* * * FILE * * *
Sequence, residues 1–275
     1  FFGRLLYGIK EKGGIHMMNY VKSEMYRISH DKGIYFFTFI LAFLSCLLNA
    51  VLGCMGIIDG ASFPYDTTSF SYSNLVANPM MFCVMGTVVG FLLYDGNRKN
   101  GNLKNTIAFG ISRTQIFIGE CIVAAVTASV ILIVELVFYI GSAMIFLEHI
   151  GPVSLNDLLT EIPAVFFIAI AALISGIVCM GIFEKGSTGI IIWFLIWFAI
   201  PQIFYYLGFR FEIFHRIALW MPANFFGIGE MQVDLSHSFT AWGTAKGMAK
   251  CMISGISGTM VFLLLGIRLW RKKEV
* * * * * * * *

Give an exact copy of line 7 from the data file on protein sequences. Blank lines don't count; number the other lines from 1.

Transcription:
   251  CMISGISGTM VFLLLGIRLW RKKEV